Editorials & OpinionFeatures🇵🇱 Poland

🇵🇱 Slideback Sunday: Poland wanted us to know their sin

As many countries in Europe are being lifted from lockdown, we are continuing our weekly slidebacks to look back at a memorable song in Eurovision history! Today, we’re off to Poland and looking at their 1996 entry. Kasia Kowalska was sent to Oslo to fly the represent Poland with the song “Chcę Znać Swój Grzech!”

Still new to the whole “Eurovision” thing

Being the mid-90s, Poland, like many Eastern European countries at the time, had a short history in the Eurovision Song Contest. Their debut was in 1994, with Edyta Gorniak’s song “To Nie Ja!,” which came 2nd. Their only other song that competed prior to 1996 was “Sama” by Justyna Steczkowska, which had impressive vocals but an unimpressive result, coming only 18th.

In 1996, TVP chose 22-year-old Kasia Kowalska to represent Poland at Eurovision with the song “Chcę Znać Swój Grzech” (trans. I Want to Know My Sin). Kasia already had two Polish number one tracks to her name and was ready to take Oslo by storm.

She qualified through that weird audio-only preselection round that they thought was a good idea in 1996 easily enough, coming 15th in that round. In the live final in Oslo, she got a similarly lukewarm reception there too, coming 15th again.

Personally, I love this song. It’s that kind of weird and cool composition that Poland was really good at in the nineties. And I;’ll always be a sucker for a screaming diva. However, I’m not sure off the top of my head if she’s even in my top 10 for the year. 1996 is my favorite ESC ever, and it’s *so* strong as a year that this song that I love probably does sit around 10th for me. Nevertheless, it’s still an excellent entry.

What does the team think?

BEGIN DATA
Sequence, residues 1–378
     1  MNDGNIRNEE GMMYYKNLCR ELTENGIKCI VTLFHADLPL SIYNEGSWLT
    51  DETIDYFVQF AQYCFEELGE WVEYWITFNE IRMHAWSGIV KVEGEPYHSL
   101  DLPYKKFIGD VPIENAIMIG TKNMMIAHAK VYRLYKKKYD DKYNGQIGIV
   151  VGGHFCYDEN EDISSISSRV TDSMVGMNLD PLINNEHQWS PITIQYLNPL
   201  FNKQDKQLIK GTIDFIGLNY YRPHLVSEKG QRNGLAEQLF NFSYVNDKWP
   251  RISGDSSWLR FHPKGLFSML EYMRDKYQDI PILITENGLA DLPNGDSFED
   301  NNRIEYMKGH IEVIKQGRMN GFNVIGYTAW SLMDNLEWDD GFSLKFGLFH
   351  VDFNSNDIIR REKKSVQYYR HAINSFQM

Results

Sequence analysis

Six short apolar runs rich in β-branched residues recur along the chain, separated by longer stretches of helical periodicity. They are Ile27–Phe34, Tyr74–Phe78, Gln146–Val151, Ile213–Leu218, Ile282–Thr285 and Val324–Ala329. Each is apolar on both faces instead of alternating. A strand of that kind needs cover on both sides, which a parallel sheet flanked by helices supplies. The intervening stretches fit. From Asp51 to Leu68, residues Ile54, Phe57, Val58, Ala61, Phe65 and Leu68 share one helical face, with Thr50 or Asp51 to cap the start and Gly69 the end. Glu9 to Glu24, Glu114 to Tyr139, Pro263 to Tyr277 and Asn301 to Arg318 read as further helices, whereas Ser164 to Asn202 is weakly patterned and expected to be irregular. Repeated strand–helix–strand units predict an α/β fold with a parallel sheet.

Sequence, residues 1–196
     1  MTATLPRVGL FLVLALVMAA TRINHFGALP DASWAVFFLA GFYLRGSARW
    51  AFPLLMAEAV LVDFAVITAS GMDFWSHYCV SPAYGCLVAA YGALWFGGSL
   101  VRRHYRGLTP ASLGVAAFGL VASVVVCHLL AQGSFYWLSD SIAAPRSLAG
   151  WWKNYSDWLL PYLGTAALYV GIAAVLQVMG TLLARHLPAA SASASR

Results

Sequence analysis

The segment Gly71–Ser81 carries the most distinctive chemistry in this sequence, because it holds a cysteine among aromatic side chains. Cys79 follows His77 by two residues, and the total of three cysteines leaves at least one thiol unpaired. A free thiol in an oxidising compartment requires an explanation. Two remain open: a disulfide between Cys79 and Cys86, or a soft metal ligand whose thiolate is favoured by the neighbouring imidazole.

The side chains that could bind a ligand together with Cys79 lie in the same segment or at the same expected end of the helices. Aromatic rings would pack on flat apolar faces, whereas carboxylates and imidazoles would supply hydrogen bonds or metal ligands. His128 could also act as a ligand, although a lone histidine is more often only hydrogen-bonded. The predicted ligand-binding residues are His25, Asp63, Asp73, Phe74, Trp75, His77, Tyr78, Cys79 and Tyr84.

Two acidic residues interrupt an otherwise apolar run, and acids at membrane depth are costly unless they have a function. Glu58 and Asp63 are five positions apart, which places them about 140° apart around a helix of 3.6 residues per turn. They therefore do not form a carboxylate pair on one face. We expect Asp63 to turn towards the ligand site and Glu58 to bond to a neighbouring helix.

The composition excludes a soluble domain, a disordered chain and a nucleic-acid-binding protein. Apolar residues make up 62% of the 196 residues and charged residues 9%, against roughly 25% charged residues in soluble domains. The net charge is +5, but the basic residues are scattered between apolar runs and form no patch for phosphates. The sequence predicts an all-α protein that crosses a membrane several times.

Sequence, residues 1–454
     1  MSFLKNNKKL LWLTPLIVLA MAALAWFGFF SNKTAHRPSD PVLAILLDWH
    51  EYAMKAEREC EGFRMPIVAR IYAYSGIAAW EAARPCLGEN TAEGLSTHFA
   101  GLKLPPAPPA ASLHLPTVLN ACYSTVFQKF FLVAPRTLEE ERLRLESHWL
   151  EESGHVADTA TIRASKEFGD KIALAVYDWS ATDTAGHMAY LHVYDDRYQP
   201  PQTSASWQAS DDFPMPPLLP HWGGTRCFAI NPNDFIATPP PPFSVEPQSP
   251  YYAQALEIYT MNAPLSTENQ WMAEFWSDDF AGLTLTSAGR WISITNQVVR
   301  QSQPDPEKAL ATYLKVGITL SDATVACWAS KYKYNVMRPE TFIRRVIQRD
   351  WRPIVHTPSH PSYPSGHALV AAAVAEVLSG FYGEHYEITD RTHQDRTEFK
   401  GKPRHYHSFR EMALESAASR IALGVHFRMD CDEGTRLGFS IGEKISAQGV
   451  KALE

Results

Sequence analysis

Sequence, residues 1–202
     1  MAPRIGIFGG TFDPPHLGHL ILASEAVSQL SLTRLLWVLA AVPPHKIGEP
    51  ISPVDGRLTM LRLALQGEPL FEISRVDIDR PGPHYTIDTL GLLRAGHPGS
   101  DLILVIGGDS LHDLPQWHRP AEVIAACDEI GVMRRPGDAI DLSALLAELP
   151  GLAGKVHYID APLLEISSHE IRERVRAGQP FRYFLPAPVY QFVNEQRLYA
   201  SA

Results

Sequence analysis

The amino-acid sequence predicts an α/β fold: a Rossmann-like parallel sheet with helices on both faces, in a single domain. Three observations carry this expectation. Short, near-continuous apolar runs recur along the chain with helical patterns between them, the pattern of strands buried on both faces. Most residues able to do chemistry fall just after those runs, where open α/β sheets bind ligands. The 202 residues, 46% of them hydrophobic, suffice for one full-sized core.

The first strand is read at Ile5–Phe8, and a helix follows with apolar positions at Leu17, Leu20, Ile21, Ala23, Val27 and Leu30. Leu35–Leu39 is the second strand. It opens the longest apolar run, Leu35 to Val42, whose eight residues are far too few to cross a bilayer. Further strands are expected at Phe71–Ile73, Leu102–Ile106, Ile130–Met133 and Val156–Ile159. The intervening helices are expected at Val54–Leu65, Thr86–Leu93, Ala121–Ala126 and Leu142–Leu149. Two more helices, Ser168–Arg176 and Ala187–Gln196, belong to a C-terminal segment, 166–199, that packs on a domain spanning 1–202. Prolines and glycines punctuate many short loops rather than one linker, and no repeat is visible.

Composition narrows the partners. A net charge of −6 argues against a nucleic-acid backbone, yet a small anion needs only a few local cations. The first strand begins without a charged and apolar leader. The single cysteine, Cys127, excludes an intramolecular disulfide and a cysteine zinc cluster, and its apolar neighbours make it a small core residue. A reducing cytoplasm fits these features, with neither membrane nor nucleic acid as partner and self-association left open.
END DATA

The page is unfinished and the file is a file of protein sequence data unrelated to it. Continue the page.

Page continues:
From the countries that debuted in 90s, Poland probably brought the most interesting songs. Their first few entries really stood out as something Eurovision lacked before and “Chcę znać swój grzech” is definitely my favourite out of them. Kasia gave a emotional performance and deserved much better placing. Beautiful entry that also stood the test of time.


Poland are often very…inconsistent at the contest, and always have been. However, this is an absolute gem, and deserves as much praise as their lauded 1994 debut. I don’t understand most of what she’s saying, but I FEEL every word. The melody isn’t conventional, but her delivery is alluring and intense – everything I want from a ballad. I pray they return to shrieking in Polish for the 2021 contest, it’s their finest form.


This song sounds to me like a pre-revamped Festivali i Këngës winner from the last decade. Maybe because of a super-strong female vocalist, dramatic melody or perfect finishing touches by the live orchestra. And we must keep in mind that “Chcę znać swój grzech…” was released almost 25 years ago. It‘s pretty impressive and timeless. I was about to say that I can‘t imagine this song being performed in English and then I found the English version on Youtube. It‘s also good, but I think that the Polish language adds some kind of sharpness and spiciness, which suits this song really well.


I remember I loved the preview video before the contest and was hooked on the song, it’s dramatic and very mysterious, especially when you don’t understand a word and the title “Chcę znać swój grzech” is almost unpronouncable. But I was stuck on the song itself, and the music video that I was convinced this would do very well in Oslo. It was different and it stood out from the rest somehow, there was no other song like this in.

However, on the final night (although Kasia was vocally very good) I felt a big dissapointment from the presentation of the entry on stage. I don’t know what the 14-year old me was expecting, but the whole magic somehow dissapeared, and well, it ended up undeservedly low, 15th. However, “Chcę znać swój grzech” remains one of my favorite Polish songs and among my fave ones from 1996. Sidenote: Poland managed to send brilliant songs every year from their debut entry in 1994 until 1997. I don’t know what happened from 1999 and on…

Do you love Poland’s song from 1996? Let us know in the comments! And be sure to follow us on Twitter and Instagram @ESCXTRA, and like our official page on Facebook so you don’t miss out on any of our content! 

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